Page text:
[p2p-research] Fwd: [opennetcoalition] Essay: The Impact of ACTA on the Knowledge Economy

Michel Bauwens michelsub2004 at gmail.com
Tue Nov 17 07:23:48 CET 2009

---------- Forwarded message ----------
From: Eddan Katz <eddan at eff.org>
Date: Thu, Nov 12, 2009 at 7:36 AM
Subject: [opennetcoalition] Essay: The Impact of ACTA on the Knowledge
To: opennetcoalition at laquadrature.net

Of interest to the parallel work being done in Europe on ACTA, notably by
FFII and others on the  Article 133 competence issue in the EU:

Is ACTA - the Secret Global Copyright Agreement Targetting the  Internet -
being negotiated by the US Trade Representative in an  unconstitutional way?
New law review article my colleague Gwen Hinze
and I got published today. Available at

The Impact of the Anti-Counterfeiting Trade Agreement on the Knowledge
 Economy: The Accountability of the Office of the U.S. Trade  Representative
for the Creation of IP Enforcement Norms Through Trade Agreements. 35 Yale
J. Intl. Law 21 (2009). by Eddan Katz & Gwen Hinze (Electronic Frontier

U.S. trade policy on Intellectual Property (IP) enforcement is at
acrossroads in the governance of the global knowledge economy. Calls for a
war on counterfeiting and piracy have intensified, led by a  coalition
of multinational corporations in the entertainment, pharmaceutical, and
luxury goods industries, that rely on expanding IP protection for their
business models. This coalition has pursued the growth of IP rights in
multilateral institutions over the past two decades to secure its incumbent
position in the knowledge economy. These efforts now threaten to undermine
the balance of IP at the foundation of sustainable innovation and
creativity.1 IP enforcement isolated from innovation policy ignores the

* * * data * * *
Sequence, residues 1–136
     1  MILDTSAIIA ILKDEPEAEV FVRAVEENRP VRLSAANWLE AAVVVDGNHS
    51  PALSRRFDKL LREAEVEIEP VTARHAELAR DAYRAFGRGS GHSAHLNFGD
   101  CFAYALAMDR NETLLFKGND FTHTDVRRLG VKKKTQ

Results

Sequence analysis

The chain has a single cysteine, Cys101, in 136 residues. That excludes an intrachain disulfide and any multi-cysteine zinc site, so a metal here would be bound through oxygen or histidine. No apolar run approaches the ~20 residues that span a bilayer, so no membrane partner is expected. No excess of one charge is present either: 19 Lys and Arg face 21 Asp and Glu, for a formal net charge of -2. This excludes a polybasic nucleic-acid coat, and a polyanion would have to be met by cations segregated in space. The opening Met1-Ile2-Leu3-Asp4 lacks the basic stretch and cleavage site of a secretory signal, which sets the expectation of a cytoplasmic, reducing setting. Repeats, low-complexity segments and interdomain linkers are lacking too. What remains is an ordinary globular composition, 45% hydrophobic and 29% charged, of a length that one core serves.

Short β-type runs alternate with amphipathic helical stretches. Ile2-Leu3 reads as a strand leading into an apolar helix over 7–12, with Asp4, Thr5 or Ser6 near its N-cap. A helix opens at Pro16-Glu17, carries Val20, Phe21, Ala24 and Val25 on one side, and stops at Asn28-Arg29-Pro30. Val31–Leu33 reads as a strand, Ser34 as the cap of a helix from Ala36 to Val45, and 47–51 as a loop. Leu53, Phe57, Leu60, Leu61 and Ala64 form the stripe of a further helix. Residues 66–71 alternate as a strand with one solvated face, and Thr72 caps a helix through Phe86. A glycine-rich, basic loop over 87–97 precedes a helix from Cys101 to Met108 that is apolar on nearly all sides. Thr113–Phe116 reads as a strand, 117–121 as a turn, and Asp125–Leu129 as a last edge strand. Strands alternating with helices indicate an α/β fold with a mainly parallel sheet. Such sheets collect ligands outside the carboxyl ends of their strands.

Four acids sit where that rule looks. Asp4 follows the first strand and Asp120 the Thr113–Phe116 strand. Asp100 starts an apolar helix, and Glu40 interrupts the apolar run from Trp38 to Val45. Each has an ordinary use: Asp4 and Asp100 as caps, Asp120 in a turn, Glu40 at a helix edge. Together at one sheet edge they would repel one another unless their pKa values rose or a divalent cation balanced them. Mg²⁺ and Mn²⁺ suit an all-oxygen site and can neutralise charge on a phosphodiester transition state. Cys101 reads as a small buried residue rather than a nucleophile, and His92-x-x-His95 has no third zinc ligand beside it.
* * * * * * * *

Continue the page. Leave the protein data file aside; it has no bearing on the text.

legal flexibility that enables information technology to emerge, obstructs
access to knowledge, and threatens citizens’ civil liberties. This Essay
questions the agenda behind the plurilateral Anti- Counterfeiting Trade
Agreement (ACTA or the Agreement), now under negotiation, that is the
vanguard of the global IP enforcement regime. Announced as a modest
coordination of customs practices among friendly nations, ACTA regulates far
more than that. We discuss the loopholes of accountability under which ACTA
is being negotiated. We analyze the impact of this secrecy on public policy
and citizens’ rights in the information society, and dispute the
appropriateness of negotiating ACTA as a sole executive agreement.

We argue that increased transparency, accountability mechanisms, and input
from civil society in the ACTA negotiations are essential
because: (1) accountability mechanisms are core to the constitutional design
of foreign trade agreements; (2) balanced policymaking requires a diverse
representation of interests; and (3) global Internet regulations could
result in changes to the Internet’s fundamental architecture.

We conclude by outlining several proposals that would help achieve this:

• Reform trade advisory committees for more diverse representation;
• Strengthen congressional oversight and negotiating objectives;
• Institutionalize transparency guidelines for trade negotiations; and
• Implement the State Department’s solicitation of public comments under the
Circular 175 procedure.


Opennetcoalition mailing list
Opennetcoalition at laquadrature.net

Work: http://en.wikipedia.org/wiki/Dhurakij_Pundit_University - Research:
http://www.dpu.ac.th/dpuic/info/Research.html - Think thank:

P2P Foundation: http://p2pfoundation.net  - http://blog.p2pfoundation.net

Connect: http://p2pfoundation.ning.com; Discuss:

Updates: http://del.icio.us/mbauwens; http://friendfeed.com/mbauwens;
http://twitter.com/mbauwens; http://www.facebook.com/mbauwens
-------------- next part --------------
An HTML attachment was scrubbed...
URL: <http://listcultures.org/pipermail/p2presearch_listcultures.org/attachments/20091117/7274ff94/attachment.html>

More information about the p2presearch mailing list